Wasatch Adaptive Sports Empowers Through Recreation
Author: Julia Partain
Published Date: 05/01/2020
Read Time: 4 Minutes
Hear from 2 Wasatch Adaptive Sport's students about their growth and empowerment through sports and outdoor recreation.
Mother Nature's playground provides a natural high to anyone recreating on her turf and creating opportunities to nurture this energetic optimism is what Wasatch Adaptive Sports (WAS) does best. Anyone hoping to achieve independence and active living despite physical or developmental disabilities can learn the skill of 16 recreational programs with the help of this non-profit organization.
"WAS is for individuals with adaptive needs - whether that is physical disabilities or cognitive issues and social challenges," said Peter Mandler, Executive Director and founder of WAS. Mandler started the program in 1977 and has seen the program grow from a handful of lessons in the winter to over 2,600 year-round lessons annually.
WAS uses state-of-the-art adaptive sports equipment to offer services to students of all ages and with all types of disabilities.
Their Veterans Program provides outdoor recreational and social activities for veterans coping with military-related physical, cognitive and emotional difficulties.
Winter activities include adaptive, downhill and nordic skiing, snowboarding, snow-shoeing, indoor cycling and yoga. Mountain biking, cycling, paddle boarding, hiking and yoga are offered in the summer. Activities take place at Snowbird, Salt Lake City and surrounding counties.
No initial fee is required by WAS as 92% of participants received financial support through scholarship assistance in 2018-19, thanks to sponsors (including Snowbird, Steve Young and Forever Young Foundation), donations, annual fundraisers and volunteers. To learn more, visit them at Creekside or at wasatchadaptivesports.org .
Meet Two Students Who Exceeded Expectations, One Turn at a Time
On September 5, 2011 Anna Beninati tried to jump onto a moving freight train and failed. 3 30-ton coal cars passed over her legs severing them instantly. After a month of hospitalization, she was discharged with above-knee amputations on both sides. The 17-year-old found herself sinking into a severe depression. Post-traumatic stress disorder, combined with an extreme loss of independence, made her feel as though her life had no worth.
Two months later, she contacted WAS and took her first lesson in a bi-ski. Although it required extreme effort, it took only one run down Chickadee to know that it was worth it. Ski lessons became part of her weekly schedule and eventually moved into a mono-ski. When spring came, WAS introduced her to a handcycle, which empowers the individual, and she was hooked. Since then, she became an instructor for the program, races on the U.S. Paralympic Development Team for Alpine Skiing and is a Snowbird-sponsored athlete.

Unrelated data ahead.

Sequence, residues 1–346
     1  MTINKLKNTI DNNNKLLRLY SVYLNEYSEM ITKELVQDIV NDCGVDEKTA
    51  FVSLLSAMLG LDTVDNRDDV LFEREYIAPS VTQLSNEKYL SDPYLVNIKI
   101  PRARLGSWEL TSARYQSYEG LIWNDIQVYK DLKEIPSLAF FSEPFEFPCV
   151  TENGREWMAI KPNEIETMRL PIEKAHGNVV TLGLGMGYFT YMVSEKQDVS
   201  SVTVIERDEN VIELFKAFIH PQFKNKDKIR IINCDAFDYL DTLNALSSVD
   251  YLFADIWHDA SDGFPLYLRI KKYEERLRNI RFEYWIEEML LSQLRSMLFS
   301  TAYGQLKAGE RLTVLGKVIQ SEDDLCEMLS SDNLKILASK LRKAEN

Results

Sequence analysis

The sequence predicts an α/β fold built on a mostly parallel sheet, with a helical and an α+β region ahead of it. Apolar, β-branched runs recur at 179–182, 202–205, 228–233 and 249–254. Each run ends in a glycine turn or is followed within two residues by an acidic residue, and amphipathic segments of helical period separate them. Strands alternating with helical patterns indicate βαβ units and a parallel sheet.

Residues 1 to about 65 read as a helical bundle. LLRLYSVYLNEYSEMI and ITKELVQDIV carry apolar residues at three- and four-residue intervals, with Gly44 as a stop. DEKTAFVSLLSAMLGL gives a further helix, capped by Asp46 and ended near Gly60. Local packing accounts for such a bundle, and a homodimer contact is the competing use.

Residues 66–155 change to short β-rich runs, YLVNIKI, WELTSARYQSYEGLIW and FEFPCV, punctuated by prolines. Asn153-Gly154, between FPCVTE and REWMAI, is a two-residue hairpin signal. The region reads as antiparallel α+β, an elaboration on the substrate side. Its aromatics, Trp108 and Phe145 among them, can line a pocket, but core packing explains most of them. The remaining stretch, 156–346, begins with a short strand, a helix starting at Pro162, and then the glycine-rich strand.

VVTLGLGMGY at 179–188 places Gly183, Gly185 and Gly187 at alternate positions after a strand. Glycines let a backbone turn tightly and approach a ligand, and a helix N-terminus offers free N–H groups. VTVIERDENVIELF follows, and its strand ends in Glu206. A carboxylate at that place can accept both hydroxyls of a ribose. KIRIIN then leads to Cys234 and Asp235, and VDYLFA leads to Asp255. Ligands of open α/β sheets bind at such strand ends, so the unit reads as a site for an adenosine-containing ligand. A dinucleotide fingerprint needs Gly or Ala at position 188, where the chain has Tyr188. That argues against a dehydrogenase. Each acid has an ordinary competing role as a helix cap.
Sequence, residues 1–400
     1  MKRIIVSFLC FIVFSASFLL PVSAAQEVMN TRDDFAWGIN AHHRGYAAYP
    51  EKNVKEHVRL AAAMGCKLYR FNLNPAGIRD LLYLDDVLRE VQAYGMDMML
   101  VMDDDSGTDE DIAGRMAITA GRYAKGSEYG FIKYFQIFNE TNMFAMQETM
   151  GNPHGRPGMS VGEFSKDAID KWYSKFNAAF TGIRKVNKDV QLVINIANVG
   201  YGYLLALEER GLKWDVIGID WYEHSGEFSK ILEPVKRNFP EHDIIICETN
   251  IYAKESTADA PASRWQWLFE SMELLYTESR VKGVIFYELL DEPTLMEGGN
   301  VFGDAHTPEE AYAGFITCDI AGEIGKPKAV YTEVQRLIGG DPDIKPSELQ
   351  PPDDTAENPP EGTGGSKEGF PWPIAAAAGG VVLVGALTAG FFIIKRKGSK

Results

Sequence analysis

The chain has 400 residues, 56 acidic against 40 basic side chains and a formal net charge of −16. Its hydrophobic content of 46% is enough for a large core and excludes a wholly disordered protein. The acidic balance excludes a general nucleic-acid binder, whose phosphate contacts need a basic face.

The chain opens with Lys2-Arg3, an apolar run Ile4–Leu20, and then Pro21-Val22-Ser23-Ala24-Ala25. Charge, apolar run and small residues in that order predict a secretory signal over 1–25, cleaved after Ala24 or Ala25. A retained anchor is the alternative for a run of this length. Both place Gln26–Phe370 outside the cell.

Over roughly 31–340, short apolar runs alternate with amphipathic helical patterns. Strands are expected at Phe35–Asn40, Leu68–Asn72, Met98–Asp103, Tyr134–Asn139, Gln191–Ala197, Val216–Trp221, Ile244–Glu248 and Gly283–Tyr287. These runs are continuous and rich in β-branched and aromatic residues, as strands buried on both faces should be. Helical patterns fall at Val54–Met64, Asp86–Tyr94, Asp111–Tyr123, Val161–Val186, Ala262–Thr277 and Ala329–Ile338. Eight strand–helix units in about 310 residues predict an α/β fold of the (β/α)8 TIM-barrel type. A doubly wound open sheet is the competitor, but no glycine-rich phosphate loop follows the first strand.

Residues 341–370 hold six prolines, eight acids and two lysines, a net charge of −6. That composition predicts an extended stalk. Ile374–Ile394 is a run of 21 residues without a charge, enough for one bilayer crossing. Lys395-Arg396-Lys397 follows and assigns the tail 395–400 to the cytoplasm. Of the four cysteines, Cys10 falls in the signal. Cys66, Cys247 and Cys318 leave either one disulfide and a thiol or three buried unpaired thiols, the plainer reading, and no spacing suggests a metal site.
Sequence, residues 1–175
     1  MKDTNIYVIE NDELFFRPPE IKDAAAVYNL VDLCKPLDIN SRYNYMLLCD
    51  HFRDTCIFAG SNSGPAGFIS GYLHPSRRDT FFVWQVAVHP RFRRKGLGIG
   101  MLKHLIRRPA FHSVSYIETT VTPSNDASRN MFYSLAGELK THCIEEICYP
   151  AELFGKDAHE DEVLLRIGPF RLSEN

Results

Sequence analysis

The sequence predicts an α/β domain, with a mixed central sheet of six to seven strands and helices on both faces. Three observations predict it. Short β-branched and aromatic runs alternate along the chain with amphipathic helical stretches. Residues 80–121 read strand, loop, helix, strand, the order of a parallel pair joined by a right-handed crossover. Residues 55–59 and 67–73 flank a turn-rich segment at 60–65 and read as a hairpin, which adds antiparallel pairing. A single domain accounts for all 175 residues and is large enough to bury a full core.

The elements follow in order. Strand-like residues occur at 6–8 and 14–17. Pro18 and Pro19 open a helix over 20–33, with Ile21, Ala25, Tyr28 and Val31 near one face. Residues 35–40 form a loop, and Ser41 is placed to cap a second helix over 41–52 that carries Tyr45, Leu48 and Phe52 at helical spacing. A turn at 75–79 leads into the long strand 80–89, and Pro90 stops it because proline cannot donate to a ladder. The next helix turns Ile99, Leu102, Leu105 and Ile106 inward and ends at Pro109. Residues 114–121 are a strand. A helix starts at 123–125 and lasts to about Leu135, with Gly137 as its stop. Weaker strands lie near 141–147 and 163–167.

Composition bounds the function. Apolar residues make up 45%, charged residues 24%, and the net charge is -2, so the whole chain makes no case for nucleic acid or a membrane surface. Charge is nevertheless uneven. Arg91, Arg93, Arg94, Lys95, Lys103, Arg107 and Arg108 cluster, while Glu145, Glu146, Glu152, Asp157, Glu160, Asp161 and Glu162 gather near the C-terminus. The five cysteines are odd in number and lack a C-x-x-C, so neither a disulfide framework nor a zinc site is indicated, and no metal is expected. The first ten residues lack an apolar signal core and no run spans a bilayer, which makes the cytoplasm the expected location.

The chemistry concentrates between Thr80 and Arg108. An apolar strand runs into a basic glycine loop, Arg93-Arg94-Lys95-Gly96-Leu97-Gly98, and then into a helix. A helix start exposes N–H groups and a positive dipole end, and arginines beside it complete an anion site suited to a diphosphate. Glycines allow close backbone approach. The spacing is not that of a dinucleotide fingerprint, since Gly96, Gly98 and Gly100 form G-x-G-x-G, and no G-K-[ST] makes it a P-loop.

"Lifetime fitness skills are difficult to instill in people with disabilities, because we're so often reluctant or unable to take that first step," Beninati explains.
"WAS gave me the push and the resources I needed, and because of them, I will be empowered for the rest of my life."
On March 21, 2013, 26-year-old Timothy Gamble suffered a massive stroke caused by a blood clot that lodged in his right carotid artery. As a result, the right frontal lobe of his brain was severely damaged. He spent the next two weeks in the ICU with the left half of his body completely paralyzed. For nearly two years, gamble underwent intense speech, physical and occupational therapies and was able to regain the ability to walk and care for himself as well as drive.
In the summer of 2015, Gamble met with WAS and began attending their weekly cycling events. WAS provided him with the use of one of the recumbent tricycles and other adaptive equipment. He hardly made it a mile the first time out cycling but progressed to multiple miles in just a few months. He now owns his own recumbent bike and rides 20 or more miles each week. WAS also helped to get him back to skiing and snowboarding.
"Without the programs, instructors and support WAS has provided me, I would likely have not ever been able to participate in sports again,"
Gamble says."I plan to continue with them for as long as I can especially as a I enter the role of competitive cycling."
About the Author
Julia Partain, a Salt Lake City native, is a freelance writer and editor for local and regional publications, including Outdoor Sports Guide, Snowbird's annual Bird Magazine and the Salt Lake City Downtown Alliance. When she isn’t writing about happenings in her hometown, you can find her running with her pooch or carving turns with her family at a local ski resort.